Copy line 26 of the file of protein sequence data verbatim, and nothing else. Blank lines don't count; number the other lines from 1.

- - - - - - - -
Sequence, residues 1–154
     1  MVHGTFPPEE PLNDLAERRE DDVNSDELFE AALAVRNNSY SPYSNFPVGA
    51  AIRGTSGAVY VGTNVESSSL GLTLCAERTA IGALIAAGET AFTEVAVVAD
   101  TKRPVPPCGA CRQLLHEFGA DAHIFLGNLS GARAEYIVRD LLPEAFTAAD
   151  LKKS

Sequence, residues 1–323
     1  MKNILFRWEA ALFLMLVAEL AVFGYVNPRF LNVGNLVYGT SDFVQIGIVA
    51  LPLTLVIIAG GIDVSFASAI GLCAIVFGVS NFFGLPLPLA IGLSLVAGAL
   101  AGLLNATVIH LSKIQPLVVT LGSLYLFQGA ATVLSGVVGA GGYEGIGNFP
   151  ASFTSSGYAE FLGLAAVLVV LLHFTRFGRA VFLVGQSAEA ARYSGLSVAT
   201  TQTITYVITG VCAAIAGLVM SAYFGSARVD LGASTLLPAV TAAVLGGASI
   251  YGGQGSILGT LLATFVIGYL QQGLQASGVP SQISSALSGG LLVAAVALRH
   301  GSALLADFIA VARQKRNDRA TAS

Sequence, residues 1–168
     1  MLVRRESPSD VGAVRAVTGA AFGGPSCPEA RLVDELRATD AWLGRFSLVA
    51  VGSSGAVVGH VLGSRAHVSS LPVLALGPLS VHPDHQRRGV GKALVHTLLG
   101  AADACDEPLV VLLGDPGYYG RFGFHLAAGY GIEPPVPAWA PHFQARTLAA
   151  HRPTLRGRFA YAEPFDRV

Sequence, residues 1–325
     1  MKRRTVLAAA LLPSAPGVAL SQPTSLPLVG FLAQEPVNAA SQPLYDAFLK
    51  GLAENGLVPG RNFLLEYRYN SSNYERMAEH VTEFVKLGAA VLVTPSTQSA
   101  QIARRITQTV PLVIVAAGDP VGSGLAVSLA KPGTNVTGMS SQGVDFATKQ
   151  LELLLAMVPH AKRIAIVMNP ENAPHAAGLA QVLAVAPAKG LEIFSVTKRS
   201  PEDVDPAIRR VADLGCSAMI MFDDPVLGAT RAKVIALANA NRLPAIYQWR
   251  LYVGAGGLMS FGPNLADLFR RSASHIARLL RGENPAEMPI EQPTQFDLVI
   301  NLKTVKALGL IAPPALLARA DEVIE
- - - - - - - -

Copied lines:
   301  NLKTVKALGL IAPPALLARA DEVIE